Monday, March 7, 2011

SR6/JDP4: Playing to the Kingfish; The Final Stretch

I met Jim Koch a few years ago during the first Savor event. Unfortunately, it was toward the end of the event and I'd had too much to drink and too little to eat. Still, I was able to work out a genuine compliment for the founder of Sam Adams beer: I told him he was the kingfish of craft beer. He was the guy all the other brewers were aspiring to be. He chuckled at the comment and refilled my glass.
Good guy, that Jim Koch.
I told this story to one of his marketing reps the other night.  The guy, Mike, showed up at the DC Homebrewers meeting to announce a new homebrew competition Boston Beer Company is sponsoring. Because it's the first year of the competition, the rules are a bit loose. Basically, participants can enter any style of beer they want. The top three win a prize, including a bottle of Utopias, tickets to Savor and tickets to the Great American Beer Festival.
Sounds good to me.
So I'm taking this opportunity to return to the SR series and crank out a hop heavy double IPA for the competition. Because the competition will be limited to the members of the homebrewers club, I'm fairly confident that there will be 22 Belgian-style beers and a smattering of other styles, so I'm hoping my DIPA will stand out.
For this batch, I've pushed up the original gravity up a bit (1.080 vs. 1.070 from SR4) and added more hops and a larger variety of hops. For the first four SR batches (the fifth batch was the wet hop IPA), I was going with a mix of Warrior and Simcoe hops for bittering, flavor and aroma, and Cascade for dry hoping. This time, I've added Citra for flavor and aroma, and I'm including Amarillo and Sorachi with the Cascade for dry hopping. This should produce a very honey, orange blossom floral beer.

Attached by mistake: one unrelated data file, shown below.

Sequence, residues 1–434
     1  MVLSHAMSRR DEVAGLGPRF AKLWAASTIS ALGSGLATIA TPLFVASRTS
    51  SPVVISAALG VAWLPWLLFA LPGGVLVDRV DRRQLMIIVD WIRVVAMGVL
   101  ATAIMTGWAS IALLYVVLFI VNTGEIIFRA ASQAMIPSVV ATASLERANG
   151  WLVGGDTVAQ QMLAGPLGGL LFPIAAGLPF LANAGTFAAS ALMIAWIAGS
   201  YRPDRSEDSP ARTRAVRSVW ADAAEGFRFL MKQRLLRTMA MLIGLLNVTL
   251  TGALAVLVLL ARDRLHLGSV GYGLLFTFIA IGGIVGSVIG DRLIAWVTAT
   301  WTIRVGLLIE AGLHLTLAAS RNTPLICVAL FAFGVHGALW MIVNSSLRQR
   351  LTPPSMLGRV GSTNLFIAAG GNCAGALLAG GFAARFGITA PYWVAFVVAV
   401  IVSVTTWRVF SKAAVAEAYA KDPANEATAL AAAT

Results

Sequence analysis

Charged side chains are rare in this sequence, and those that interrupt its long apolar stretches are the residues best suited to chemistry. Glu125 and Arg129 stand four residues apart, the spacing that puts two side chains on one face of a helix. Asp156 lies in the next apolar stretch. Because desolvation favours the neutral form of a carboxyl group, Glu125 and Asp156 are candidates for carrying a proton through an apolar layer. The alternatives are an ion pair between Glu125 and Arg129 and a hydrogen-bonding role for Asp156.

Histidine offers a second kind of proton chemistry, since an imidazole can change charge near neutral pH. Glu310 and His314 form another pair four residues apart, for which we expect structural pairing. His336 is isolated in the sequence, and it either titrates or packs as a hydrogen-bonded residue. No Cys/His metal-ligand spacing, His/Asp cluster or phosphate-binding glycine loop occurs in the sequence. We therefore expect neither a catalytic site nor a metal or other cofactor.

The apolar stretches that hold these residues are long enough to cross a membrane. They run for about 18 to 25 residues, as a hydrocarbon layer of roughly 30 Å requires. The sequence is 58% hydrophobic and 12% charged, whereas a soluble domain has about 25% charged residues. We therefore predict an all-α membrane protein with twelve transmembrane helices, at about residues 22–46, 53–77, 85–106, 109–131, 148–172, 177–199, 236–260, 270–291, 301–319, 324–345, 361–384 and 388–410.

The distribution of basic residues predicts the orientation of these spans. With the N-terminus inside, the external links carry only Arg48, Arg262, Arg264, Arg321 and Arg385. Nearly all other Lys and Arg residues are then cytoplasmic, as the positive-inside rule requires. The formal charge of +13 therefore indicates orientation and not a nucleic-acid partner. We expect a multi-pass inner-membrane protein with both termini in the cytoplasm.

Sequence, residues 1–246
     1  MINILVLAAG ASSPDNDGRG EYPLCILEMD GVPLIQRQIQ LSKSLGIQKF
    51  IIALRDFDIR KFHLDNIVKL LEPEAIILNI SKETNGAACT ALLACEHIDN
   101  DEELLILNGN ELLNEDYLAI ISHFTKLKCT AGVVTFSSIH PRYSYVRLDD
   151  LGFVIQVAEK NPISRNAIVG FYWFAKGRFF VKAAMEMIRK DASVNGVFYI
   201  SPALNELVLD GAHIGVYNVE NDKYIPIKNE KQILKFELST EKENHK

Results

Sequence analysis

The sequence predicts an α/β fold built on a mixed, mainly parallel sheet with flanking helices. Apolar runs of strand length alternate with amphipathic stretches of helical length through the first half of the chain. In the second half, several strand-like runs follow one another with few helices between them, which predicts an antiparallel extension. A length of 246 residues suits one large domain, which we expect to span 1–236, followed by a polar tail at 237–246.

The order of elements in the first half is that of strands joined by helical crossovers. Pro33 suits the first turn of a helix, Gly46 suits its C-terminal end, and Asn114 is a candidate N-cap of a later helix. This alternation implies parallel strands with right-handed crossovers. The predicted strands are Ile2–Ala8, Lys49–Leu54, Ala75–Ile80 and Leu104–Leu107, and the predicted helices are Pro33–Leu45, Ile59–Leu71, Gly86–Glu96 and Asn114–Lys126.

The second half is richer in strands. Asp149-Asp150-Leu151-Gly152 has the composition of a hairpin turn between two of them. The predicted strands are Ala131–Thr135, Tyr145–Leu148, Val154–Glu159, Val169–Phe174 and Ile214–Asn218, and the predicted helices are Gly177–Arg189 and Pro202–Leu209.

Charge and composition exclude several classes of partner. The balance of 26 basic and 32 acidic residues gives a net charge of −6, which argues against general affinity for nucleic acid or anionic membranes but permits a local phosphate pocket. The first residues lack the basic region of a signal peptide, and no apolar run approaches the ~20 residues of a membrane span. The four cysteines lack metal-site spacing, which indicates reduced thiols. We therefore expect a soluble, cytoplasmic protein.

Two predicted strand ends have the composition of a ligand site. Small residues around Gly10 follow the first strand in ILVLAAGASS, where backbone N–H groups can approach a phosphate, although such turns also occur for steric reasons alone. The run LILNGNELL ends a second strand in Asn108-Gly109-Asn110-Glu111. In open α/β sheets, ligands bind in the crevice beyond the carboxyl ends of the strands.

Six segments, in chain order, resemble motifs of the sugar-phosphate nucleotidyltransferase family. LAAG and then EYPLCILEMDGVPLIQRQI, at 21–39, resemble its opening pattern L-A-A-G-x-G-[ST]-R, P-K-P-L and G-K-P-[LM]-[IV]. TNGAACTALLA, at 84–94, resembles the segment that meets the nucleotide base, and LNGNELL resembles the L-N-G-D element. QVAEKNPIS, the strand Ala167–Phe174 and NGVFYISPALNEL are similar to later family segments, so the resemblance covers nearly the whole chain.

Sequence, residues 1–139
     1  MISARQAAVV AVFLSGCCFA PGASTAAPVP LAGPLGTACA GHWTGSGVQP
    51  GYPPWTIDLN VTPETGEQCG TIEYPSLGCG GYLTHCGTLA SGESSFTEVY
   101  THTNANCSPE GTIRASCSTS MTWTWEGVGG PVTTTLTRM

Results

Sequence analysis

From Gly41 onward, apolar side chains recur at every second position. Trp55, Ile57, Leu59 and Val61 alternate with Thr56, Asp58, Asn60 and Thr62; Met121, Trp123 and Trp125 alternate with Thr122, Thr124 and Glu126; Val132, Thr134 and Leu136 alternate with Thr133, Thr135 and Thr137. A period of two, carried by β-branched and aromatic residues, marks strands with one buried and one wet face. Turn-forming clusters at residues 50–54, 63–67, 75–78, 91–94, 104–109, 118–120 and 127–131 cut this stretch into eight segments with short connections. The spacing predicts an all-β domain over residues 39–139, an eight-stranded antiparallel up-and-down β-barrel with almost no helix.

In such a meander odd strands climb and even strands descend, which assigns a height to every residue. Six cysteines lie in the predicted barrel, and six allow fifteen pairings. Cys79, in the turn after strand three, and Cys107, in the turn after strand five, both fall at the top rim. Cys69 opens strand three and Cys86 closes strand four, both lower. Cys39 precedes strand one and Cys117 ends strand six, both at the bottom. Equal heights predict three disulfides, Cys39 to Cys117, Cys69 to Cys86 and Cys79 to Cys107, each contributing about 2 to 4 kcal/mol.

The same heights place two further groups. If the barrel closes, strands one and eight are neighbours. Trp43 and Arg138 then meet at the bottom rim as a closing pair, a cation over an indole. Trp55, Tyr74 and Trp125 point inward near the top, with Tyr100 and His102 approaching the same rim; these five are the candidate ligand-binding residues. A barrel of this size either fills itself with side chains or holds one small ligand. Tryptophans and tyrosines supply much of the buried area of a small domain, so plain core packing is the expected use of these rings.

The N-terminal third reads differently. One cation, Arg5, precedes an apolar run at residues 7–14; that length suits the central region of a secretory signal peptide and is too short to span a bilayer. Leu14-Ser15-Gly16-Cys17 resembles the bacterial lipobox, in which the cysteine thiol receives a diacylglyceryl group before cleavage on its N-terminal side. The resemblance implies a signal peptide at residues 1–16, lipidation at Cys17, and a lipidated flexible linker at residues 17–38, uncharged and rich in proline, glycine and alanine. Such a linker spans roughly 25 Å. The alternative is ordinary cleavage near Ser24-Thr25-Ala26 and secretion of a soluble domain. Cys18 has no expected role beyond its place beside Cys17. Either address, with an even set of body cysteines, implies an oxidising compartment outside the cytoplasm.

Hopefully, it'll also produce some schwag from the Kingfish.

I also got a chance to finally bottle JDP4. After three weeks in the Early Times barrel, the Scotch ale finally took on enough of the whiskey character. It was delicious. Even through the beer still needs to age at least another month, it's already rich with slight caramel flavors and a very slight rye bite (finally!). It's taken several months and several batches, but the beer is coming together at long last.
The barrel aging also added a nice bit of color to the beer, bringing it to a warm hazelnut brown hue.
So it looks like the first batch of the JD Project is in the final stretch.

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